The concern expressed by many tutors over "masculine" writing styles ("Thinking like a man is good for girls", THES, March 13) is not that their "originality" should be less valued, but rather that such writing enables impressive bombast to cover up what is a weak piece of work.
Jennifer Davey seems to have overlooked the distinction between the quality of a work and its artificial inflation through rhetoric. Work that promotes its specious orginality is still over-rated by markers at the expense of that presented in a less self-aggrandising manner. And it is men who benefit disproportionately from having been encouraged to write in such a style. Moreover, in its celebration of a narrow definition of originality, the article overlooks the rather more important question of the accuracy and thoroughness of an argument.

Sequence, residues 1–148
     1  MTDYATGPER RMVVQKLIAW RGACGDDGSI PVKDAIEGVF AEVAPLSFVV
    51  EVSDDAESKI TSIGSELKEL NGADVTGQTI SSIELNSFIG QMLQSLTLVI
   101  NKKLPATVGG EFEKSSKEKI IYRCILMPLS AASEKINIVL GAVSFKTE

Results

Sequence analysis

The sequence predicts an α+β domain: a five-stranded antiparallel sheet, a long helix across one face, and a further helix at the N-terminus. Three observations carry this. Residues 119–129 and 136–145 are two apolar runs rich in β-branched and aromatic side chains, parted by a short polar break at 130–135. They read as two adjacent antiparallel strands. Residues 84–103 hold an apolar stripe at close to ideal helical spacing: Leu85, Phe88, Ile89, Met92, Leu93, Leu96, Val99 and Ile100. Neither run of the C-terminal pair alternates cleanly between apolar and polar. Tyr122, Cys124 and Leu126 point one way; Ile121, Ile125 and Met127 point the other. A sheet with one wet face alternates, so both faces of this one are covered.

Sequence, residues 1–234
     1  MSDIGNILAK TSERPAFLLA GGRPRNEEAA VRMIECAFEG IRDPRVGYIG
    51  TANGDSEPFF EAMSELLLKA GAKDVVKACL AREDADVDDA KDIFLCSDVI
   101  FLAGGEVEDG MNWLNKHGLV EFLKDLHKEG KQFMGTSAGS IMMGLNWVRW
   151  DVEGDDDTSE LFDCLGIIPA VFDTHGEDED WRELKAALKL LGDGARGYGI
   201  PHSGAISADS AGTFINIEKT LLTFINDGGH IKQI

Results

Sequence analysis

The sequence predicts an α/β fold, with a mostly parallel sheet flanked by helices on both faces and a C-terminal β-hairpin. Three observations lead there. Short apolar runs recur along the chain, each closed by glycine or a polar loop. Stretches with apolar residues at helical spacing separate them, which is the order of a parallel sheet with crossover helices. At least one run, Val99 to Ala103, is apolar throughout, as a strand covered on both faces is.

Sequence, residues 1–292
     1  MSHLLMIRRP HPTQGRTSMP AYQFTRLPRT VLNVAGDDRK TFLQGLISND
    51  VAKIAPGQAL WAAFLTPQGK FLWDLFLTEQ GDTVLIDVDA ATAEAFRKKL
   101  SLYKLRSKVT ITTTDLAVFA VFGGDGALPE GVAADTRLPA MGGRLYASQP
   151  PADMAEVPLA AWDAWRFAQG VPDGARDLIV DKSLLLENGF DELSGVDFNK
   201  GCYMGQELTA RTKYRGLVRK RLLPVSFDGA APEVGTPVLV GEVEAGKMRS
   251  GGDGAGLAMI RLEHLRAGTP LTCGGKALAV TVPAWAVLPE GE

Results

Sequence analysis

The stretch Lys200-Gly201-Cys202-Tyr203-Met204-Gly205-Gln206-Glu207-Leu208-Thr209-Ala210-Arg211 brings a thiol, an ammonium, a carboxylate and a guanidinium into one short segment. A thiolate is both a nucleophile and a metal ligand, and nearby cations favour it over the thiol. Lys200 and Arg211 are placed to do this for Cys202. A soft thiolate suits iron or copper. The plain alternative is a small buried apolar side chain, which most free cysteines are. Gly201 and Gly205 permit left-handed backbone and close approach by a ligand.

As markers we may well be drawn in by the confidence and originality of the work of some students. But we should be aware that this often encourages us to overlook the gaping holes in their arguments or the poverty of their research. Work that appears less adventurous thus sufffers, even when its scholarship may be superior - and its final conclusions altogether more intelligent.
In fact, Ms Davey's article would seem to be exemplary proof of the case that it hopes to disprove: that confident rhetoric, bolstered by misplaced confidence in the value of one's own opinion, will earn a high grade, or publication in The THES, in spite of the weakness of its argument, the inadequacy of its research and the superficiality of its analysis.
While encouraging women to adopt such a writing practice may be a shrewd career move, whether it contributes to the quality of anybody's scholarship is a very different question.
Jo Eadie. Milton Keynes, MK14